Chris O (follow on Twitter: @COakleyFtbl)
Sun 9 December 2007

Your guide to the FIFA World Club Cup

Just when you thought you couldn't possibly cram any more football competitions into one year, 2007 is about to end with one last hurrah in the form of the 2007 FIFA World Club Cup.

Over in Japan, the action's just getting underway, and as ever, SPAOTP will attempt to keep you up-to-date with everything that's going on as efficiently as we can.

By now you may be starting to get a confused look on your face. We're thinking the name of this competition sounds familiar to you, but you're not sure why. Let us explain…

This is not the World Cup as we know it, but it is the equivalent for club teams. Forget Brazil, Italy and the like - think Manchester United, Real Madrid and so on. This is the chance for the big teams at club level to prove they’re the best in the world.

All well and good, then, but you're probably feeling a little ill-prepared for such an event - a bit under-informed, perhaps. Fear not, fine people. What you're about to get is a whistle-stop tour of all the key details to help you get the most out of our coverage.

So if you're ready then, buckle up and let's go - the 2007 FIFA World Club Cup awaits…

History
In its current form, the FIFA World Club Cup has been running since 2000, but its origins go back much further than that. Prior to 2000, there was the Intercontinental Cup - an annual meeting between the club champions of Europe and South America, and that began back in 1960.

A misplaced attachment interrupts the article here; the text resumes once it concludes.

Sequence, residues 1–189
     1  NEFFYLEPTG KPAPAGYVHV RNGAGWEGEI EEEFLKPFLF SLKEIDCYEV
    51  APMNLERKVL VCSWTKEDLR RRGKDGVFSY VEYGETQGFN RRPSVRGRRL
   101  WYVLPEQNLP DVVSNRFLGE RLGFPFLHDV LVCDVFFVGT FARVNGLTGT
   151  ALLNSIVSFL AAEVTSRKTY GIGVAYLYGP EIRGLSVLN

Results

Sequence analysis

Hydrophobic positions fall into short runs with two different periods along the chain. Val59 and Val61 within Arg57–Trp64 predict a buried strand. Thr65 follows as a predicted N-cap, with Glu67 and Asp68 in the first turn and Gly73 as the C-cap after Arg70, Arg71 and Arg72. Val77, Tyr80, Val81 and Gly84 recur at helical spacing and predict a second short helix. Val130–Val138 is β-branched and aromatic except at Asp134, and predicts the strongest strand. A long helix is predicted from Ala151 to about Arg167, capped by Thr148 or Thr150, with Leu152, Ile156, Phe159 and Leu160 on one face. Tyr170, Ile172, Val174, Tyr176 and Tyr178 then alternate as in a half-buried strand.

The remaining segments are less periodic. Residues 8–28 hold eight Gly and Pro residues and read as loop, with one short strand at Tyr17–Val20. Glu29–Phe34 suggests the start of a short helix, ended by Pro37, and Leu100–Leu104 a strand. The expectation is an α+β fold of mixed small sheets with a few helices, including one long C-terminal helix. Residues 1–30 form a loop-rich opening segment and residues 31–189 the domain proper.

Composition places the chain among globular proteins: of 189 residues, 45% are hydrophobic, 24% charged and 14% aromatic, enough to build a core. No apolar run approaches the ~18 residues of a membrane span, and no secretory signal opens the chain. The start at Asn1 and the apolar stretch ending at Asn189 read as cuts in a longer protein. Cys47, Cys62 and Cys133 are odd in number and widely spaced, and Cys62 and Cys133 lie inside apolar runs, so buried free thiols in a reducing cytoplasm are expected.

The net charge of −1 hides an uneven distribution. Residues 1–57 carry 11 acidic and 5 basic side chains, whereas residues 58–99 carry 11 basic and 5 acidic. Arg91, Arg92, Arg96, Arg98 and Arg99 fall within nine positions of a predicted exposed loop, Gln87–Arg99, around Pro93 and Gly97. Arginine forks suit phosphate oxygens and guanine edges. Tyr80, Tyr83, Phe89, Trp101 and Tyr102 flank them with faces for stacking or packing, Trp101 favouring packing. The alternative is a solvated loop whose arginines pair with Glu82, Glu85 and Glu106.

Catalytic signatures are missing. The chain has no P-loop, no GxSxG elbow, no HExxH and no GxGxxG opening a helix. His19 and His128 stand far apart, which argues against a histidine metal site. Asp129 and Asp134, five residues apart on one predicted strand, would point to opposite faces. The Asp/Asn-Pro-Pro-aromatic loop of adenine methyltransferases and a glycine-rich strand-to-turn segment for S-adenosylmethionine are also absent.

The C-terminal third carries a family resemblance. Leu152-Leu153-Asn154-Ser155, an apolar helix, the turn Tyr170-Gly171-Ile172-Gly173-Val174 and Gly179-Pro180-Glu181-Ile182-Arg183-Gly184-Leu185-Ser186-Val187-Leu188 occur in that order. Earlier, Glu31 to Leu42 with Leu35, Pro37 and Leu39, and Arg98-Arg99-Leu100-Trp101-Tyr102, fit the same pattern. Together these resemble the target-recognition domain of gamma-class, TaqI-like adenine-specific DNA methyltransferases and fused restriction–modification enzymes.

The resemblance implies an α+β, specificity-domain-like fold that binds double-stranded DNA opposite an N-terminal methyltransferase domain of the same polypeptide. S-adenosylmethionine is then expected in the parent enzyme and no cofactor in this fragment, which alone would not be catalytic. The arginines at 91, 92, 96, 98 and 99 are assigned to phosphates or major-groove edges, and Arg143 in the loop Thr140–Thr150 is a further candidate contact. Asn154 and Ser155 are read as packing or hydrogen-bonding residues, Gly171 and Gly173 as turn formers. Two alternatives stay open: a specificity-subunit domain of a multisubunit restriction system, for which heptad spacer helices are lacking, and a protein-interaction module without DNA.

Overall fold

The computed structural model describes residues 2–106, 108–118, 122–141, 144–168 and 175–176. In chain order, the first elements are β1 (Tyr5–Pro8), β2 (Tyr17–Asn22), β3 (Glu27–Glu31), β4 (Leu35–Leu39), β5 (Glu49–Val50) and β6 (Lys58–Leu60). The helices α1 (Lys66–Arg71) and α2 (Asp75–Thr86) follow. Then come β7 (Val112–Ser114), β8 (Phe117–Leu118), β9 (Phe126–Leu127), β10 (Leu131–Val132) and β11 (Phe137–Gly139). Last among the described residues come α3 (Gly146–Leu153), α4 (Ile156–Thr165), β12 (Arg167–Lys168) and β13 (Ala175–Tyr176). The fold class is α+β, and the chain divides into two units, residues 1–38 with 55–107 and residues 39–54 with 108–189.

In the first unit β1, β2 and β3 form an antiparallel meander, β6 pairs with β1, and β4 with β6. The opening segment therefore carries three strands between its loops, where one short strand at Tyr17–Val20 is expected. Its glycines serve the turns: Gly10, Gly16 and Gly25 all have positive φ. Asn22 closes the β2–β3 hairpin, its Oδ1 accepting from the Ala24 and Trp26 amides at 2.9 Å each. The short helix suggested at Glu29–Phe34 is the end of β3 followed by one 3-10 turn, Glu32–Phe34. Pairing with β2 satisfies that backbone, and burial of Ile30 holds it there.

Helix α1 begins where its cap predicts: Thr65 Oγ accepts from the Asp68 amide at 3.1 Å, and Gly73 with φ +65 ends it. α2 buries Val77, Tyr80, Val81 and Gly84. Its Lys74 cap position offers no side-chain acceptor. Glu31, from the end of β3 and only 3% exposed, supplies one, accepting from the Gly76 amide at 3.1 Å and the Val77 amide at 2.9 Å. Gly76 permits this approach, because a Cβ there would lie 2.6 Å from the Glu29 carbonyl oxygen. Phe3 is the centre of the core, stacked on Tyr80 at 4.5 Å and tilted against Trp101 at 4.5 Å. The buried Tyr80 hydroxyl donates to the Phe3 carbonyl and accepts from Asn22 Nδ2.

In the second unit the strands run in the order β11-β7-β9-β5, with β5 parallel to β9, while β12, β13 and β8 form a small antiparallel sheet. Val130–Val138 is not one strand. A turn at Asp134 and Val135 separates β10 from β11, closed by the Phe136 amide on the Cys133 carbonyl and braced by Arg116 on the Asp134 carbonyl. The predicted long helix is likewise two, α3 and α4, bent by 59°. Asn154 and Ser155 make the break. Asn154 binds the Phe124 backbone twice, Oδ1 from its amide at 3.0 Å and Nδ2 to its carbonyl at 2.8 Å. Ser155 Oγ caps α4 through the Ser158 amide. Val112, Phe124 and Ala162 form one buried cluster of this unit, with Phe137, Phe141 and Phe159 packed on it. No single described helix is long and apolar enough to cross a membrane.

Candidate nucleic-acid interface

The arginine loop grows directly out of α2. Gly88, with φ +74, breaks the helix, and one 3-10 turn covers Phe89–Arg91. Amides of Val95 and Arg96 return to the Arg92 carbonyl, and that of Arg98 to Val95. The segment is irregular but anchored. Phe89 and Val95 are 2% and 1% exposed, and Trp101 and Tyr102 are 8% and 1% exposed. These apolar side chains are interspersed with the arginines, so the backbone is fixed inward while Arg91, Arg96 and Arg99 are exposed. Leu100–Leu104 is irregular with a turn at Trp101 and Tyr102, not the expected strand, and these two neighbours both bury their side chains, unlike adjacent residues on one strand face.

The Roll of Honour for the Intercontinental Cup is an impressive one. Names such as Real Madrid, Santos, AC Milan and Independiente would often appear in the Final - played in Japan from 1980 onwards - but by the turn of the century FIFA wanted to cast the net wider and include the continental champions from all over the globe.

And so it was that in 2000, FIFA created the World Club Championship to serve just such a purpose. The competition took place in Brazi where eight teams competed in two First Round groups. Among them were recent treble-winners Manchester United (who passed up the chance to defend their FA Cup title in order to be there), Real Madrid (playing by special invitation) and two home sides, Vasco da Gama and Corinthians of Brazil.

To be fair, the competition never quite caught fire as a spectacle despite being played in the homeland of Pele, Carlos Alberto and Jairzinho. Man United's only win came against South Melbourne and Real Madrid were even beaten in the 3rd/4th place play-off by Mexican side Necaxa. Fortunately for the home supporters, both Brazilian teams got through to the Final which Corinthians won 4-3 on penalties after ninety minutes and extra time had failed to produce a goal.

What with all the problems surrounding over-crowded fixture lists and the unspectacular nature of the 2000 event, FIFA decided to quietly put the World Club Championship on the back burner until 2005 when it re-emerged in Japan once more. This time, a knock-out formula was established, however the champions of South America and Europe (Sao Paulo and Liverpool) were given byes to the semi-finals while the other continental champions battled it out in the previous round.

Somewhat unsurprisingly, it was Sao Paulo and Liverpool who met in the Final and this time it was a more exciting affair despite a 1-0 scoreline which ultimately went in favour of the Brazilians again.

With some credibility regained, FIFA decided to stage the competition annually from now on and also changed the title too, opting for the altogether more catchy 'World Club Cup'. Some things stayed the same though. The venue for the third edition remained as Japan and the format was untouched too. Even the two 'seeded' teams ended up in the Final again - this time it was Internacional of Brazil against Barcelona of Spain.